Collaborations, Water and Light (with an interview by Douglas Carlson)

INTRODUCTION

Photographer Meghann Riepenhoff travels without a camera. Instead, she packs paper that has been coated with a solution of ammonium ferric citrate and potassium ferricyanide. And instead of traditional photographic prints, she creates cyanotypes—the result of a printing process …

Meghann Riepenhoff, originally from Atlanta,  is now based in Bainbridge Island, Washington, and San Francisco. She received a BFA in photography from the University of Georgia and an MFA from San Francisco Art Institute. Her work is held in the collections of the High Museum of Art, Atlanta; the Museum of Fine Arts, Houston; the Museum of Contemporary Photography, Chicago; and the San Francisco Museum of Modern Art, among others. Riepenhoff’s awards include a Fleishhacker Foundation grant, a Guggenheim Fellowship, and recognition as a Critical Mass Top 50 Photographer. She has been an artist-in-residence at the Banff (Alberta) Centre for the Arts and the RayKo Photo Center in San Francisco and an Affiliate Artist at the Headlands Center for the Arts in Sausalito, California.

Letter of Recommendation; Bookending the Day; The Listener; & Ghazal of Air

 

Letter of Recommendation

 

I am writing on behalf of the wind in my son’s hair,
which, at least in this photograph, is always there for him,
always cooling his cheeks and suggesting new scents
from over yon dale, …

Matthew Nienow is the author of House of Water (Alice James Books, 2016). His poems have appeared in Poetry, New England Review, TriQuarterly, and many other magazines and anthologies. A former Ruth Lilly Poetry Fellow, he has also received fellowships and awards from the National Endowment for the Arts, the Bread Loaf Writers’ Conference, the Elizabeth George Foundation, and Artist Trust. He lives in Port Townsend, Washington, with his wife and sons, where he works as a builder of wooden boats and other watercraft.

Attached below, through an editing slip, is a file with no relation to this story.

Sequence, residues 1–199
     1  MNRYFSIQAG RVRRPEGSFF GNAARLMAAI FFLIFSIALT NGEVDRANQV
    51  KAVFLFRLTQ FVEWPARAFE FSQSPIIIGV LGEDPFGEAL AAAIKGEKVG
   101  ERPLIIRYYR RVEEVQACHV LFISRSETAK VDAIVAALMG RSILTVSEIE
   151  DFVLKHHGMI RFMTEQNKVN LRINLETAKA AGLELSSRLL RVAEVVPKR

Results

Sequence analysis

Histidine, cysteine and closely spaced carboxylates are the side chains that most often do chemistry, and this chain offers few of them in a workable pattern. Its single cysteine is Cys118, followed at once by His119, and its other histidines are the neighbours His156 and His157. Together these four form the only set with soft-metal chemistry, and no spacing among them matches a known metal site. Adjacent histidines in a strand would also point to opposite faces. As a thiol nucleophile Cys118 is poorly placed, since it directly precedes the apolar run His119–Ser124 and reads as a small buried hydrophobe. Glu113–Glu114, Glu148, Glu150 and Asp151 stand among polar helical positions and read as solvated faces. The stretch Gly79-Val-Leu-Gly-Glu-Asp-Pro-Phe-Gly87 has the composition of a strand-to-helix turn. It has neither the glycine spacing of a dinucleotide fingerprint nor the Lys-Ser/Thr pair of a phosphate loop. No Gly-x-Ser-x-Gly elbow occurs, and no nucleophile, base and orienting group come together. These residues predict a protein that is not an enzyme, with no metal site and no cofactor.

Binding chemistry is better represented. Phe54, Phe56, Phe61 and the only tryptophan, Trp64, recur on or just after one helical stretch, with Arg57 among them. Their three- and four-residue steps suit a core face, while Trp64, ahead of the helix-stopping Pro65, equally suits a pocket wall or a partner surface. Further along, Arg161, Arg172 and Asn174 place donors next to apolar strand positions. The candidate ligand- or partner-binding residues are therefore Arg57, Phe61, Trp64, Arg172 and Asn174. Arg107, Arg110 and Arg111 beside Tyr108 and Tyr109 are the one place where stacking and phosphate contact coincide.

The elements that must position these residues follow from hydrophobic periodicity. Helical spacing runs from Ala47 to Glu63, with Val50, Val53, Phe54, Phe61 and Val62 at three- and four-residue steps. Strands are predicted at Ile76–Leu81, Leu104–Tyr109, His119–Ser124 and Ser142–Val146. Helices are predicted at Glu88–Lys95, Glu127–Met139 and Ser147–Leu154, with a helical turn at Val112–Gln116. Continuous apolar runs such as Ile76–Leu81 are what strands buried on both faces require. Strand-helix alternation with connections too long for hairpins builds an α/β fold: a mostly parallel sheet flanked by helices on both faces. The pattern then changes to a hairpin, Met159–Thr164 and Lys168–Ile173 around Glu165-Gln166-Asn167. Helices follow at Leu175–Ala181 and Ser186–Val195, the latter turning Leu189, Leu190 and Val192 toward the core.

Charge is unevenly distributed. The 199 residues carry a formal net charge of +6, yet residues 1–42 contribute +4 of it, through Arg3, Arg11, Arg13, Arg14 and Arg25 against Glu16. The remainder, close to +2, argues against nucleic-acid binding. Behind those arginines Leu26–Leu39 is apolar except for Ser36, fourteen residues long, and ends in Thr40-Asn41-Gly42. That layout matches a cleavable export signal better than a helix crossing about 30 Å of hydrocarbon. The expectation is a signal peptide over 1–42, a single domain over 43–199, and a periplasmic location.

Shaken 1: From fairest creatures we desire increase; Shaken 58: That god forbid that made me first your slave; & Shaken 127: In the old age black was not counted fair

Ellen McGrath Smith teaches at the University of Pittsburgh. Her writing has appeared in The American Poetry Review, Los Angeles Review, the New York Times, and other publications, and in several anthologies, including Beauty Is a Verb: The New Poetry of Disability and Rabbit Ears: TV Poems. Smith has been the recipient of an Orlando Prize, a Rainmaker Award from Zone 3 magazine, and a Pennsylvania Council on the Arts fellowship. Her chapbook, Scatter, Feed, was published by Seven Kitchens Press in 2014, and her book, Nobody’s Jackknife, was published in 2015 by the West End Press.

Making Tamales with Mom on Christmas Eve & The Field

Jose Hernandez Diaz, a 2017 NEA Poetry Fellow, is the author of The Fire Eater (Texas Review Press, 2020). His work appears in The American Poetry Review, Cincinnati Review, Huizache, Iowa Review, The Missouri Review, The Nation, Poetry, and in The Best American Nonrequired Reading. Currently, he is a guest editor for Frontier and Palette Poetry.